How do we measure success? What kinds of things do we celebrate in successful people?
Those who make a lot of money or who are able to retire at a fairly young age. Athletes who do well at sport and movie stars, singers and musicians whose gifts inspire us. We might look at the ability a politician has to stir a crowd, or how much property or fancy things someone can accumulate, or even the inventiveness of a designer of a cutting edge technology.
There are various different things we might see in someone, that makes us stand up and applaud, and offer a declaration of greatness to.
But I want to invite you to consider something else.
A New Commandment
When Jesus sensed that His time on earth was short, He held a dinner with His closest followers to share some time and inspiration with them.
One of the things He did at that dinner was get down on to His knees and wash His disciples feet as a sign of His deep affection for them. That was a very humbling action for a teacher to do and they initially did not want Him to do it, but Jesus told them it needed to happen and so they relented.
Jesus followed that up with a meal in which He introduced what many of us know as communion – the idea of His body being broken and His blood being spilled for them. The ultimate sacrifice which He would later go to live out for them, and us.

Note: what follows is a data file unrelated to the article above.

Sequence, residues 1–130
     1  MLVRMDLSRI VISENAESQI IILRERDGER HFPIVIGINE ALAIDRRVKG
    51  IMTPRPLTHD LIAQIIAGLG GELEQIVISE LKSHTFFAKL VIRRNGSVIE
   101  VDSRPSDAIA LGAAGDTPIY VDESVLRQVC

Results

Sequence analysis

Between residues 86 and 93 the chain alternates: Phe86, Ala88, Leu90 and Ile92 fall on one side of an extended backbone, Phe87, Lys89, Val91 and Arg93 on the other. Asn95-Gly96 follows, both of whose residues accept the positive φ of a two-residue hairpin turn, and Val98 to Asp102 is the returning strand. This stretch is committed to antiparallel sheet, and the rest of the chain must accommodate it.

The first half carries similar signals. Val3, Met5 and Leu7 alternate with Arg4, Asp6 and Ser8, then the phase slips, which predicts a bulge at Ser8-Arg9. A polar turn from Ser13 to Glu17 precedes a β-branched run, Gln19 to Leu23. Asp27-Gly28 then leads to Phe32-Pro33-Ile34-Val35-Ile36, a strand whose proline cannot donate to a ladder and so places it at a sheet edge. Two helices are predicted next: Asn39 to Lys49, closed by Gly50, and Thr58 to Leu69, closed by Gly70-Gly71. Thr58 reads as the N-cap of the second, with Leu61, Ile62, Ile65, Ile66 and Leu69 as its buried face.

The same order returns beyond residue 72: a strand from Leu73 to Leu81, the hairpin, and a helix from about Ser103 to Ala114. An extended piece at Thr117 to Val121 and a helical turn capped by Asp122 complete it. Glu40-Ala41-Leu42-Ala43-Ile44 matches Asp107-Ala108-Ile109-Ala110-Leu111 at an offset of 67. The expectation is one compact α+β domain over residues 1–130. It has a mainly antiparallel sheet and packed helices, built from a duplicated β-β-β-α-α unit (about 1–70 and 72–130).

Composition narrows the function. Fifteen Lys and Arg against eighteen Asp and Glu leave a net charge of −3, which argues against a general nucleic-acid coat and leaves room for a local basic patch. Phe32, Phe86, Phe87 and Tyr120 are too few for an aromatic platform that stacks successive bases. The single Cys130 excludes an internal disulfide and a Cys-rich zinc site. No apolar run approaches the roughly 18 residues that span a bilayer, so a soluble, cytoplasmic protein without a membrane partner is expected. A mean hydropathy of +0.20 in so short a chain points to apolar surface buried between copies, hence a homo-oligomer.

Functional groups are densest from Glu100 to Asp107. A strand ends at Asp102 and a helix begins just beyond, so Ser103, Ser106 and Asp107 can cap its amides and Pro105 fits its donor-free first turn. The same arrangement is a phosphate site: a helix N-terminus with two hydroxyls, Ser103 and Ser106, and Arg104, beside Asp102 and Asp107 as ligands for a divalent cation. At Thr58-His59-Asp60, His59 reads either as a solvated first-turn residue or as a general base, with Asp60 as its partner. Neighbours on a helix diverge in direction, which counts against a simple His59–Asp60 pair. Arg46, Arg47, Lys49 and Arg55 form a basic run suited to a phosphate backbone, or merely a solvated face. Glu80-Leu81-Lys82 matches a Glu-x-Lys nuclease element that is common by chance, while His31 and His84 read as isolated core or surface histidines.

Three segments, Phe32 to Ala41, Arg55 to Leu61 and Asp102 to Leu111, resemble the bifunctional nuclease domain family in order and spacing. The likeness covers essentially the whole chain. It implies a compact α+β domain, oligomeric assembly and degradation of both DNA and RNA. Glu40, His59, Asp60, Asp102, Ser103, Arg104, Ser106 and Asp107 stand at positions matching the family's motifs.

But Jesus also took some time to speak to them, and one of the things He said feels like such a revolutionary piece from the perspective of what we tend to recognise in people:
“A new command I give you: Love one another. As I have loved you, so you must love one another. By this everyone will know that you are my disciples, if you love one another.”
What if we all live that way?
We all know that religion has been linked to some of the most terrible atrocities through the ages from the Crusades to Apartheid. People calling themselves ‘Christian’ have not always lived out this primary message that Jesus called us to.
He told us that we will be known by the love that is evidenced in our lives and being lavished on other people.
Not personal achievement or success, or significance or stature, or position… but by how well do you love your fellow person.
Imagine how different the world might look if we took that on.
How different might it look if you took it on? Is that something you would consider as a decent way to live your life? And if this was the legacy that Jesus left with His disciples, don’t you think it makes sense to spend a little time getting to know Him better?